Death of the body-on-frame SUV?

sddoc07sddoc07 Member Posts: 19
I wanted to start this discussion b/c I'm curious what other people think.

I used to own a 2001 Chevy Tahoe LS 4WD. While I loved it, after having to spend 50+ on every tank of gas, I opted for my new ride...

2003 Honda Pilot AWD LX. I must say that I have never missed the extra cargo capacity on the Tahoe, and like 99.999% of all SUV owners, I towed with the Tahoe less times than I have fingers and toes (nothing heavier than the Pilot could handle I might add).

I for one just cannot see how anyone can possibly buy body-on-frame SUVs these days! There is just no comparison. While some people need great off-roading, the majority of SUVs can't deliver on this. Cargo capacity and passenger capacity is also now clearly better in crossovers (see Acadia/Enclave/Outlook). Add to this $2.80+ gas and the better mileage and drivabiltiy of crossovers like the Pilot...man, stick a fork in body-on-frames!
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Comments

  • boxtrooperboxtrooper Member Posts: 843
    IMHO you are experiencing the difference between a Mid Sized SUV and a Full Size SUV more than whether or not there is a frame under it.
    ..
    My Trooper's mpg is important to me. I get 16.7 around town which is just as good as our minivan which like your Pilot has no frame. (Pilot is a shortened version of the Honda minivan, given how nice that minivan is, that is a good thing) On the highway our minivan gets 24 to 27 mpg because it is aerodynamically shaped and low to the ground. On the highway my Trooper with a frame gets 21 mpg at 65 mph and 19.5 at 70 mph. I bet your frame less Pilot is within a mpg or two of my Trooper with its frame.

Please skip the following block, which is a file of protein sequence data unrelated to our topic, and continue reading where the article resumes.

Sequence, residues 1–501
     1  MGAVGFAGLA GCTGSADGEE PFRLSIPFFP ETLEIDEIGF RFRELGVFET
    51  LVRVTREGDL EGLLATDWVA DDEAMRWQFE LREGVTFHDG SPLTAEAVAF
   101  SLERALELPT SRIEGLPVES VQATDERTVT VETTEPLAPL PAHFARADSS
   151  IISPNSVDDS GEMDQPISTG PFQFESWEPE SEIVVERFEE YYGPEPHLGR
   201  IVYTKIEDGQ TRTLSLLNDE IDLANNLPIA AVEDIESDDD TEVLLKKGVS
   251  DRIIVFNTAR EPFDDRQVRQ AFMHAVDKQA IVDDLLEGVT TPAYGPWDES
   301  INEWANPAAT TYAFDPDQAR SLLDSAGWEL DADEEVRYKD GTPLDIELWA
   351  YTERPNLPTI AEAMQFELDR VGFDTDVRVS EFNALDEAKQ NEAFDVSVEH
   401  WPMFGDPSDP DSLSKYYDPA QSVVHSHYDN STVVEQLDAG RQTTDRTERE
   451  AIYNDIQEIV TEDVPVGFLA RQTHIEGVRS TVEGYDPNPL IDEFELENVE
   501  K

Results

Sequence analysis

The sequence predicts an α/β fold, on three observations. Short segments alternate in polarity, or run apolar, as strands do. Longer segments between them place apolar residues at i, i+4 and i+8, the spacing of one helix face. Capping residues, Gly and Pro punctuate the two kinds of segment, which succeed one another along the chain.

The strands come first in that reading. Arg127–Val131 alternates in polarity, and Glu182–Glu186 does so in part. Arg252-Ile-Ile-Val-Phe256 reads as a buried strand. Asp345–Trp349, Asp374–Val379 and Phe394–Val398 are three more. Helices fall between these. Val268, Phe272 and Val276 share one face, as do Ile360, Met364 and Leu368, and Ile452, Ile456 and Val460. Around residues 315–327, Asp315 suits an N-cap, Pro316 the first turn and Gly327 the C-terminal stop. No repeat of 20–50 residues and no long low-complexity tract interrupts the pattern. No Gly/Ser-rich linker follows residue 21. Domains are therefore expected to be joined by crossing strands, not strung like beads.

..
    If there will be the death of body-on-frame it will not be from MPG but from government regulations that specify that the vehicle has to crumble like a ball of aluminum foil if it is in a collision.
    ..
    SUV is just a tall station wagon. I think cross over is just a name for mid height station wagon. The future will hold "green cross overs" which will be low to the ground station wagons that get good mpg.
    ..
    Even though I tow and go off road infrequently, I like to drive a vehicle that can get me through those situations with confidence.
  • catamcatam Member Posts: 331
    I can't think of any other vehicle on the road that can transport my family of 6 and 2 of my kids friends, ( 8 people), plus tow my 6000 lb boat to the lake and haul all my gear other than a Chevy Suburban or a Ford Expedition EL. As long as there are people out their who need to tow and haul people body on frame will live on.